- Credentialing: Credentialing refers to the process of verifying the provider’s information like license, insurance, education and other information needed to verify that the provider meets the standards of practice required by the hospital or other healthcare facility. It’s important to note that practically all states require physicians that provide telehealth services be licensed in the state that the patient is receiving care in. Furthermore, every site that delivers telehealth services must fully credential the provider. Credentialing tends to be done by the organization that will bill for the healthcare provider’s services.
What’s the purpose of licensing and credentialing?
Telehealth licensing and credentialing are meant to protect patients by ensuring telehealth providers are following state regulations. The challenge of licensing and credentialing, as we mentioned, is that they are time-consuming administrative processes. These processes affect rural telehealth programs the most because they may be limited with resources and can easily become burdened by having to renew licenses and check provider’s qualifications.
Streamlined licensing and crentialing
As we see a rise in telemedicine services as well as the need for telemedicine especially in rural communities and during COVID-19, some states are working on increasing the portability of licenses. For example, the Federation of State Medical Boards offers the Federation Credentials Verification Service and the Uniform Application for Licensure, these help streamline the process of applying for licenses and credentials.
There are also several states that participate in interstate compacts for healthcare providers, these programs help facilitate multi-state licensing. It’s important to note that interstate licensure compacts do not cover every type of telehealth provider, however. Please be mindful that when it’s very important to research the telehealth licensing and credentialing policies with your state.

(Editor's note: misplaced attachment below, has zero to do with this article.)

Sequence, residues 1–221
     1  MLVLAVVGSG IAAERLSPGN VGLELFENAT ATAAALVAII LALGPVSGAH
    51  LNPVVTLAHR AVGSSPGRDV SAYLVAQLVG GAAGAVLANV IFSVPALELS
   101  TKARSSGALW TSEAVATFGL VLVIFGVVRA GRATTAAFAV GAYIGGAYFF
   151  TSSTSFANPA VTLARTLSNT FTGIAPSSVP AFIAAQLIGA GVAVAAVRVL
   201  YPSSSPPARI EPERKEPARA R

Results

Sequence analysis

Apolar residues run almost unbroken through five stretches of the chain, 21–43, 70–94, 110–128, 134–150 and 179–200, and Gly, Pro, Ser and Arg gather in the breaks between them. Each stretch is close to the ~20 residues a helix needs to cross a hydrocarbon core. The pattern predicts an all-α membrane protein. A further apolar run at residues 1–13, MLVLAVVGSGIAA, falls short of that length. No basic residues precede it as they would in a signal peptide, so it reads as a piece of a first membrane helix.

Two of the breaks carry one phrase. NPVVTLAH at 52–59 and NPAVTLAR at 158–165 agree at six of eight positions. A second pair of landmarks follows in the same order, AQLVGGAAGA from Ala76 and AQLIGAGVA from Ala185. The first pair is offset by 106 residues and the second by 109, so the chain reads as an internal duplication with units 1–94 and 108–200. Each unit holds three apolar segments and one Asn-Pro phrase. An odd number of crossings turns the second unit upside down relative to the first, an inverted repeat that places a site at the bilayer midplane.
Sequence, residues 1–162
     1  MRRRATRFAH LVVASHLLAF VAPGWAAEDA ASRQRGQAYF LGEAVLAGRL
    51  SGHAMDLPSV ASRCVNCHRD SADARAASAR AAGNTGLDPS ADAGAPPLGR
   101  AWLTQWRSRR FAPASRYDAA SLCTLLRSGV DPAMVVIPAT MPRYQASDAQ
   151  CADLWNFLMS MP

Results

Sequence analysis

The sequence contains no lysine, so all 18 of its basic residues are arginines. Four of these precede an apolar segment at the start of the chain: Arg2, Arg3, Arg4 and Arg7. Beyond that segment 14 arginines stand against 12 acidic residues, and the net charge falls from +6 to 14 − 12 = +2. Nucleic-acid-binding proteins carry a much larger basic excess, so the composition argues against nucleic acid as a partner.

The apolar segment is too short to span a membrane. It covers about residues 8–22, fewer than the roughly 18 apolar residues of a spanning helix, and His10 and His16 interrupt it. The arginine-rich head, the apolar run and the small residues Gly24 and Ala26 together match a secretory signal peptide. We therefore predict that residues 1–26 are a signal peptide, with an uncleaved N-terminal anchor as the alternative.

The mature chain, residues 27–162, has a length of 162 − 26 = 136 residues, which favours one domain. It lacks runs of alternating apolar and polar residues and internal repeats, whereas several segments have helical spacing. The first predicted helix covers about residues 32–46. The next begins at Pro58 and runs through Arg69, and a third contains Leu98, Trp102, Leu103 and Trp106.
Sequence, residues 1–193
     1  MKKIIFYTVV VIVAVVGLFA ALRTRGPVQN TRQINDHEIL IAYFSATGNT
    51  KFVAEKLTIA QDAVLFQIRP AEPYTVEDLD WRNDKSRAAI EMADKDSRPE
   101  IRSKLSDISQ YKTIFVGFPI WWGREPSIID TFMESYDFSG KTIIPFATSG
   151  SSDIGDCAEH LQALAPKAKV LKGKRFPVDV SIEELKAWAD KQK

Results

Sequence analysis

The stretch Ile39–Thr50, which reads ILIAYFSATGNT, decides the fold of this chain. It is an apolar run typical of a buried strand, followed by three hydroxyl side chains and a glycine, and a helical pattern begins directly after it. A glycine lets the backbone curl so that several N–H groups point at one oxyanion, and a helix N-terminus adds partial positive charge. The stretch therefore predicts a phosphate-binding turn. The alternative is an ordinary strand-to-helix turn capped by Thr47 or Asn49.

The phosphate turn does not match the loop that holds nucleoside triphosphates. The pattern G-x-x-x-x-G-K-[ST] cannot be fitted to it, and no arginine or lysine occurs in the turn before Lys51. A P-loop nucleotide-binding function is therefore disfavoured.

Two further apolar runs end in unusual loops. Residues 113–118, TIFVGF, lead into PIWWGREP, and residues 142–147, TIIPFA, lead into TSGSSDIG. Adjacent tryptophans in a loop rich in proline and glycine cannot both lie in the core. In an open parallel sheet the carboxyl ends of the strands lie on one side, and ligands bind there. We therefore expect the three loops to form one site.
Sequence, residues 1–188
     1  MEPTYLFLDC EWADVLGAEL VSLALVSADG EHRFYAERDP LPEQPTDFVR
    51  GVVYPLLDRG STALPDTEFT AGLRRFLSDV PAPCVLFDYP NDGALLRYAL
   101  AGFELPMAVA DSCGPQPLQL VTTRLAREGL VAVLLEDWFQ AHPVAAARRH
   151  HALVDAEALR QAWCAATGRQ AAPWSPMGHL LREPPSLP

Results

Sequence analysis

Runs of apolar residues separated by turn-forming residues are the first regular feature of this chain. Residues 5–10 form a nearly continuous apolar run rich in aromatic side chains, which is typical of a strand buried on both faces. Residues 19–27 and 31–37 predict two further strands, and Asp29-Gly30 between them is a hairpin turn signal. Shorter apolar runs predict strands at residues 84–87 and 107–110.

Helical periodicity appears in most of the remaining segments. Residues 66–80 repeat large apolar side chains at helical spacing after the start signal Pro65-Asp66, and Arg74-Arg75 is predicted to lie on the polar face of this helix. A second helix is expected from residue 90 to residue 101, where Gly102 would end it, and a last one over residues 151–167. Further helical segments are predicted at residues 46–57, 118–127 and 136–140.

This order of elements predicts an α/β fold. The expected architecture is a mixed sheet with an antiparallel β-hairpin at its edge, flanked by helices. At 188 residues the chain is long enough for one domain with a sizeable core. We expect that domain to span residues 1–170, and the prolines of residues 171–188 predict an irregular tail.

Other states, including Alabama, Louisiana, Maine, Minnesota, New Mexico, Ohio, Oregon and Texas have developed special out-of-state telehealth licenses. This helps streamline the process of telehealth providers looking to practice on patients outside of their state.
The Interstate Medical Licensure Compact (IMLC)
This is a quick-expanding physical compact that helps expedite the licensure process for qualified physicians looking to practice telemedicine across state lines. Participation in IMLC is voluntary and interested physicians must meet criteria in order to be eligible.
As of April 2020, the IMLC includes 29 states, the District of Columbia and Guam and several more states are expected to join in the near future as telemedicine continues to expand. The states that are expected to join include Missouri, South Carolina, New York, New Jersey and Rhode Island, which recently introduced IMLC legislation.
For rural communities
Rural communities that are looking to streamline the telehealth credentialing process need to be aware of the credentialing by proxy method. Credentialing by proxy can help rural programs expand their telehealth services by allowing Critical Access and Community Hospitals to rely on the credentialing processes that happen at distant telehealth sites.
There is a lot of information online including this article which may be of assistance. If you would like more information about the benefits of telehealth, we would love to have you sign up for our fundamentals course by clicking here. The course goes over everything you need to know about telehealth, from the history, to the benefits to the licensing and credentialing.